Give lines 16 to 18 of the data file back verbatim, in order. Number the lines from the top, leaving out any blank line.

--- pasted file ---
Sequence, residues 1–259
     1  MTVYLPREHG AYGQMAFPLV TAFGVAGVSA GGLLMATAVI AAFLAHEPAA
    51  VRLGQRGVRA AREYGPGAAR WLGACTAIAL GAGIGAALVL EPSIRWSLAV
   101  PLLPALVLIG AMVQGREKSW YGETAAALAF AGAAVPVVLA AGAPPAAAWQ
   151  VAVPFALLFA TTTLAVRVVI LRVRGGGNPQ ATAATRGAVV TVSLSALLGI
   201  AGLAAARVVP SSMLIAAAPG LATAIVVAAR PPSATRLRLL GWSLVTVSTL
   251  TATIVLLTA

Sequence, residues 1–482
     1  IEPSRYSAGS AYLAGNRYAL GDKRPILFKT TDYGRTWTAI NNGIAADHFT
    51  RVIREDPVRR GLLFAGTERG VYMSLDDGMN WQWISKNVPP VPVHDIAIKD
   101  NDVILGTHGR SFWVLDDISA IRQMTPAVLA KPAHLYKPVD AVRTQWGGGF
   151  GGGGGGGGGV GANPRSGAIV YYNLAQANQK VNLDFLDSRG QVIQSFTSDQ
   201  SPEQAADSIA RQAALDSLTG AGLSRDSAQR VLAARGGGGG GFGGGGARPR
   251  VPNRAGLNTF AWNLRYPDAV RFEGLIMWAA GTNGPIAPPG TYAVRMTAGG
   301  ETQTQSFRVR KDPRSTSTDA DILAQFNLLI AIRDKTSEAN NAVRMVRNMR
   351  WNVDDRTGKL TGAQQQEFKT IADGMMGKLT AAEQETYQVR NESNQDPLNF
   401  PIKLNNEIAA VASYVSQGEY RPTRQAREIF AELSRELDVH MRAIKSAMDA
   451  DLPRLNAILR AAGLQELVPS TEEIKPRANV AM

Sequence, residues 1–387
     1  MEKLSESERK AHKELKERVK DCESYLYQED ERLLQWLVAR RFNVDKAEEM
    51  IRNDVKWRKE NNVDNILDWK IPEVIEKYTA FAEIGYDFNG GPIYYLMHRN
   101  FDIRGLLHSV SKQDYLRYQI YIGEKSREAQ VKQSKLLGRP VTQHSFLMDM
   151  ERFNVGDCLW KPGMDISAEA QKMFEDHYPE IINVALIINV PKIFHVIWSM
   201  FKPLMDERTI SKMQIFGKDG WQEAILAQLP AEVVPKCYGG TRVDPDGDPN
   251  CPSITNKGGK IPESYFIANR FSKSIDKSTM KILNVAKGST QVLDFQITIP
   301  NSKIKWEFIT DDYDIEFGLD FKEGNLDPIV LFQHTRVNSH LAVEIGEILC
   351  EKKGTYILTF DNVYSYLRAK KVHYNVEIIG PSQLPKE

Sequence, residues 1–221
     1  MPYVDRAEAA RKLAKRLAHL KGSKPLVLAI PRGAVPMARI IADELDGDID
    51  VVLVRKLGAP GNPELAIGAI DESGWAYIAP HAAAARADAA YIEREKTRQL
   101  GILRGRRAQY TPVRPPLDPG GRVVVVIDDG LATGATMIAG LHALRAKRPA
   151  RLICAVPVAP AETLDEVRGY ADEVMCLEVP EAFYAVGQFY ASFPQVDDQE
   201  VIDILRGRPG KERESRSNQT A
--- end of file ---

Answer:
   351  WNVDDRTGKL TGAQQQEFKT IADGMMGKLT AAEQETYQVR NESNQDPLNF
   401  PIKLNNEIAA VASYVSQGEY RPTRQAREIF AELSRELDVH MRAIKSAMDA
   451  DLPRLNAILR AAGLQELVPS TEEIKPRANV AM